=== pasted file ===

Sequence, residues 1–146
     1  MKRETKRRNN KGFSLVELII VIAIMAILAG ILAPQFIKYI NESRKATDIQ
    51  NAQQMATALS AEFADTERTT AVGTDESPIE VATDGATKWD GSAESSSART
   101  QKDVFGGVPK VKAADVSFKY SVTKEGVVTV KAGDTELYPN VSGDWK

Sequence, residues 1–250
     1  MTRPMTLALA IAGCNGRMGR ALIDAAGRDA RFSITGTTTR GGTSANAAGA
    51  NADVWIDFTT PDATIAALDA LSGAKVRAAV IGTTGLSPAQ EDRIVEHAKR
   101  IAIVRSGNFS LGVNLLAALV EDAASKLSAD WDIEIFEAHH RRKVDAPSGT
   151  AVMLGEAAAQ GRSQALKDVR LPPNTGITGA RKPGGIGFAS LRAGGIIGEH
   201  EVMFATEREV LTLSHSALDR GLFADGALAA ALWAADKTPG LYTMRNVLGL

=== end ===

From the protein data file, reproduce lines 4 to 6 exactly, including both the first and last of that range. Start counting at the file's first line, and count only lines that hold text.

   101  QKDVFGGVPK VKAADVSFKY SVTKEGVVTV KAGDTELYPN VSGDWK

Sequence, residues 1–250
     1  MTRPMTLALA IAGCNGRMGR ALIDAAGRDA RFSITGTTTR GGTSANAAGA